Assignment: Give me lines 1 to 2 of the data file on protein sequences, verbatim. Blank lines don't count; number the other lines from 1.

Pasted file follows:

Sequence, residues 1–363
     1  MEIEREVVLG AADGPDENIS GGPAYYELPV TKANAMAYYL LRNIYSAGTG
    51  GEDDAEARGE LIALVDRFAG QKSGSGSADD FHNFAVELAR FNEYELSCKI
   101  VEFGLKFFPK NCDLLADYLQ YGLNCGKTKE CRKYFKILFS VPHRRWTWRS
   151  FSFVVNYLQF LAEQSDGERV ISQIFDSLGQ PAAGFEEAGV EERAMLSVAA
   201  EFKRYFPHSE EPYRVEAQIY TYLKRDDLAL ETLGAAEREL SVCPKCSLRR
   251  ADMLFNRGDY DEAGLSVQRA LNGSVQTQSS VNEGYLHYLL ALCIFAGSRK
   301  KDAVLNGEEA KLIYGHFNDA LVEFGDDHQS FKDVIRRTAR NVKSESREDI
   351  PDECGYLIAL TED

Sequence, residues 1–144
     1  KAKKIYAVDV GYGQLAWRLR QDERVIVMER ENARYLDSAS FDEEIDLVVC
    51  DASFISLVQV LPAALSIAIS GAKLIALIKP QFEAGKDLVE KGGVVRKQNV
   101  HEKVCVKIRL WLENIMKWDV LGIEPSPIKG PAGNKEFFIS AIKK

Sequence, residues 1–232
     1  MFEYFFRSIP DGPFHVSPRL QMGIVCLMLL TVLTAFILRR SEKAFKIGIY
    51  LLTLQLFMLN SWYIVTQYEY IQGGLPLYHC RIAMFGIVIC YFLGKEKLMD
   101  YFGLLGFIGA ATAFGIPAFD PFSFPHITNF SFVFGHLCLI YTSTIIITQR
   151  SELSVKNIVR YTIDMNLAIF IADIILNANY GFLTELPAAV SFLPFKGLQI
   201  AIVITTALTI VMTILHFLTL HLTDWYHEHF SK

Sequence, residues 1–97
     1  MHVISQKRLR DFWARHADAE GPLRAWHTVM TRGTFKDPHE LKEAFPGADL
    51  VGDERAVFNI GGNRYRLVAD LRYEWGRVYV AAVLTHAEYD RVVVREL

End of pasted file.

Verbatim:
Sequence, residues 1–363
     1  MEIEREVVLG AADGPDENIS GGPAYYELPV TKANAMAYYL LRNIYSAGTG